Shinrei Jusatsushi Taromaru. Psychic Assassin Taroumaru. Spirit Killer Taromaru. No matter how one calls it, this is without a doubt the rarest of games for the Sega Saturn, with a mere 7500 units printed before Time Warner Interactive folded. While the game does appear on places like eBay and Game Trading Zone from time to time, you can be sure to pay at least $200 USD for a copy in decent condition. While the undeniable rarity of the game makes the triple digit price seem almost palatable, does the actual game warrant the cost?
Published by Time Warner Interactive very shortly before unceremoniously shutting down after being boughtout by Midway Games, Psychic Killer Taroumaru for Sega Saturn is a port of the similarly named (and similarly rare) arcade Sega ST-V game. The player dons the sandals of a man hired to save a man's only daughter from the evil army that has kidnapped her and countless other women. With tuned psychic abilities (Weapons? I don't need no stinkin' weapons!), the player makes his way through level after level of enemies and bosses in order to kill the baddies, get the girl, and disappear, ninja-style, into the sunset. While the story has been heard countless times, the refined gameplay makes the journey thruogh the game immensely enjoyable.
Upon starting the game, one is greeted with his character and an icon. The icon drifts to various enemies, depending on where the player's character is facing, and may be shifted between multiple enemies via taps on the shoulder buttons. Pressing the B button attacks the enemy, and one can hold down the button and release it for an extra powerful shot reminiscent of Mega Man. Some enemies, however, can be brought to fight for the players cause by using the A button instead of the B button, changing the enemy's color, giving him a life meter, and causing him to attack any enemies he comes across in zombie-like fashion. If he's about to die, or the player would wish to discard him, pressing the X button will give him a death resulting in a smart-bomb like attack on all enemies. Pressing the A button next to him while he is not at full power causes the player's score to decrease and his energy to increase. A double-tap down (or pressing the Y button) gives the player a temporary shield from all attacks, a down-C executes a dashing move, and that is the complete arsenal of moves. The control scheme is internalized after but a minute of play, and timing feels very natural.
On the receiving end of these attacks are a plethora of enemies, from ninja and shrine priestesses to centipedes and skeletons. While the normal enemies are fairly unremarkable, the game has excellent bosses, with designs that rival even Treasure's repertoire of games. A boss appears nearly every other minute, and each is very unique: a brown orb which sends green fire and wall tiles in attack; a skeleton's torso that throws fire at you and must be defeatedin that way; a frog's stomach, threatening the player with deadly worms and acid. There's even a monster that must be defeated while in a Temple of Doom-ish mine cart chase. Character designs run the gamut and are quite fun to look at.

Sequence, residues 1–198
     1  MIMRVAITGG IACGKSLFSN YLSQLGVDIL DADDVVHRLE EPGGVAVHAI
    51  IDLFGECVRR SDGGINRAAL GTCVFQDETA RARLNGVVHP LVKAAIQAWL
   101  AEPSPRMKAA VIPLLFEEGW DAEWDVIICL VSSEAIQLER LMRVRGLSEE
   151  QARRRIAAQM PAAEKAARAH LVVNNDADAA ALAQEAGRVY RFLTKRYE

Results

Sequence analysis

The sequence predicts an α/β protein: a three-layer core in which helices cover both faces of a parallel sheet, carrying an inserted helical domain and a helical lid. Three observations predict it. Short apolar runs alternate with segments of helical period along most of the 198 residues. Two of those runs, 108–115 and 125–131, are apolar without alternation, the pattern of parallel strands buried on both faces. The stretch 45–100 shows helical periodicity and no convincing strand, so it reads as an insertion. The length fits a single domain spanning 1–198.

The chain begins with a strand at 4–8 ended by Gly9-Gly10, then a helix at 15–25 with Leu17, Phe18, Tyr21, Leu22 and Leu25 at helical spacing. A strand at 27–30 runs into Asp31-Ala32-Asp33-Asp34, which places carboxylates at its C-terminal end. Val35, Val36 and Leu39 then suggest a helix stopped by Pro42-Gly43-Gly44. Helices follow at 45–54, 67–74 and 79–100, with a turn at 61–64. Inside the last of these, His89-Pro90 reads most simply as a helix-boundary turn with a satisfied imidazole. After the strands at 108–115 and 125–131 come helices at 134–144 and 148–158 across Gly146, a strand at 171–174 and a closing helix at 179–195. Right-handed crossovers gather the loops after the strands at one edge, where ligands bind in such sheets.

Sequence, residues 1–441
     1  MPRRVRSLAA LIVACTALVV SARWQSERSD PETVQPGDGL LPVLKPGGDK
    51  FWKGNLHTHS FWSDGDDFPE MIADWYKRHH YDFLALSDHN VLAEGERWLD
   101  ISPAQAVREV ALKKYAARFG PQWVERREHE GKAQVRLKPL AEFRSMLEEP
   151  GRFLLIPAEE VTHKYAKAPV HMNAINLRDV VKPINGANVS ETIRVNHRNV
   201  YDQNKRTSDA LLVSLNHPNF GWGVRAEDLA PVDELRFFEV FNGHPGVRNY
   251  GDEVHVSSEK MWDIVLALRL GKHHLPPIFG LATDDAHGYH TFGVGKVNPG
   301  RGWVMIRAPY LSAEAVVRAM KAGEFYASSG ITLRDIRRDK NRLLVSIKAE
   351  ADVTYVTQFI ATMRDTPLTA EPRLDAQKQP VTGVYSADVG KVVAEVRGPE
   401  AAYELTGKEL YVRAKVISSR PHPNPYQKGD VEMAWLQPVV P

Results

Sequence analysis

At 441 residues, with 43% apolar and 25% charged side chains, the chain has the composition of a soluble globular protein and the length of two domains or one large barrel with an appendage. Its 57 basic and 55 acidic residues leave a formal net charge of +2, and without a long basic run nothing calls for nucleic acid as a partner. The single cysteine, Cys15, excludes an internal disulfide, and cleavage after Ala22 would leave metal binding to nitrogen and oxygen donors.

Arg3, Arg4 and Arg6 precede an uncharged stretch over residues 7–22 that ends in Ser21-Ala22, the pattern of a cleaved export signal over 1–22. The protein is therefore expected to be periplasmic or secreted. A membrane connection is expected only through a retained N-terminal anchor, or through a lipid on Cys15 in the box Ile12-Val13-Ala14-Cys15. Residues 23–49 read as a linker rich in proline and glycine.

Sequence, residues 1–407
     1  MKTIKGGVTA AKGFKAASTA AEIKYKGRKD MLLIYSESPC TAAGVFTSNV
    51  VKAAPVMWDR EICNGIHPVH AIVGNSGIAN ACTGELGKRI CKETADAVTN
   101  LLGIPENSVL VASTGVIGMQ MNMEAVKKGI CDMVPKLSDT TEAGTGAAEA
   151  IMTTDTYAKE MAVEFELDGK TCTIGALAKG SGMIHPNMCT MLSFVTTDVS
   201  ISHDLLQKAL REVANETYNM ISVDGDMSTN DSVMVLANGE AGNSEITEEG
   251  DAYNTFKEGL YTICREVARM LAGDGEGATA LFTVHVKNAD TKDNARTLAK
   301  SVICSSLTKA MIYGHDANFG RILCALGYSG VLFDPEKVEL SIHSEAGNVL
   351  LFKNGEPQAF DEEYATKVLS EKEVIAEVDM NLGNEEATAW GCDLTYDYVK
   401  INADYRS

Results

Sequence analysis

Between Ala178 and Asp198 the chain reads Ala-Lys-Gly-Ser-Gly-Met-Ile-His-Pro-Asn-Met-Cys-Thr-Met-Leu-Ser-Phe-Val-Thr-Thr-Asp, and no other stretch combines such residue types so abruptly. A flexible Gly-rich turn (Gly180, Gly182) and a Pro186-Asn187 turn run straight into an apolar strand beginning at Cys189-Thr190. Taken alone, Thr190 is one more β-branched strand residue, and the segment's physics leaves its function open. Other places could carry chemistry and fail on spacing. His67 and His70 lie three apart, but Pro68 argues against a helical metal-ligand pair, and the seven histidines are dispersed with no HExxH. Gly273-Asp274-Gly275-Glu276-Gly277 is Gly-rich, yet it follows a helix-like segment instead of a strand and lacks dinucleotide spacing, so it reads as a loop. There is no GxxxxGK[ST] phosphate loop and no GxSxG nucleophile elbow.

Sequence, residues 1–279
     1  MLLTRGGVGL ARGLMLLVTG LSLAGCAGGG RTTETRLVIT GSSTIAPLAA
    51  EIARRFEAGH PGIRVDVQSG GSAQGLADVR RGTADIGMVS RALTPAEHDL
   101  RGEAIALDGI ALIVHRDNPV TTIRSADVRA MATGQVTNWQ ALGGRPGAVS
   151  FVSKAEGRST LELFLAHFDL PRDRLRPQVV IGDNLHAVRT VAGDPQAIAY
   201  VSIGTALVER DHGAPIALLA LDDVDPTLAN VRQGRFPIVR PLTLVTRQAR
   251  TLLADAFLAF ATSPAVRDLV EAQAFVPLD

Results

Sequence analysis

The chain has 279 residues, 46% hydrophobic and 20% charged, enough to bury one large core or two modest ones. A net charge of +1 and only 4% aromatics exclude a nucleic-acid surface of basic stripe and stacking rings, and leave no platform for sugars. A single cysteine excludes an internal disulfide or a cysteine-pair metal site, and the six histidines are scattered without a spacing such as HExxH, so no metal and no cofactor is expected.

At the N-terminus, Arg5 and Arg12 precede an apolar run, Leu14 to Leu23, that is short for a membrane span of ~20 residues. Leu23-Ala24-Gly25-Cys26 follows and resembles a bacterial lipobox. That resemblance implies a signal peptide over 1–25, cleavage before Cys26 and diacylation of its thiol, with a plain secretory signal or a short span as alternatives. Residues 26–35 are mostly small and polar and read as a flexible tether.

For a game from 1996 (arcade) the graphics are okay. They are varied and the designs of enemies are nice. The colors are not much to look at, and one might wish that they could be smoother or more vibrant. As it is, there is a lot of brown in this game. If only the colors were as varied as the designs for the bosses. There's not much animation here, and the sprites are on the small side; if it wasn't for the smoothness of the game and the pieces of 3D which pop up here and there, one might confuse this for a 16-bit era console game. Still, the graphics do the job pretty well.
The music for the game is Red Book audio, which was pretty standard back then, but these days is unusual. The extra fidelity of the music doesn't seem to mesh very well with the rather low fidelity sound effects. Voices and effects have little strength and top end to them, with the sole exception of the "shot charging up" sound effect which one will be constantly hearing throughout the game. The music is decent, well mixed synth-orchestral and traditional Japanese instruments which isn't too memorable, but accompanies the onscreen action very well.
The most pressing argument against the game is its length, as it is little more than a straight arcade port plus a simple ranking mode. Beating the game requires little more than an hour of your time, and less once you understand all the bosses. With two players, the game becomes rather easy. This, however, is not enough to keep me from thoroughly enjoying the game. It has solid and interesting gameplay and decent technical components, but is it worth the couple of hundreds of dollars that a seller will probably ask? That depends on where your priorities lie. Many will find little in the game after beating it; little more than a solid game play concept fleshed out, this game is not for them. If you are an ardent fan of arcade 2d action, then Psychic Killer Taroumaru is a fine game to add to the collection.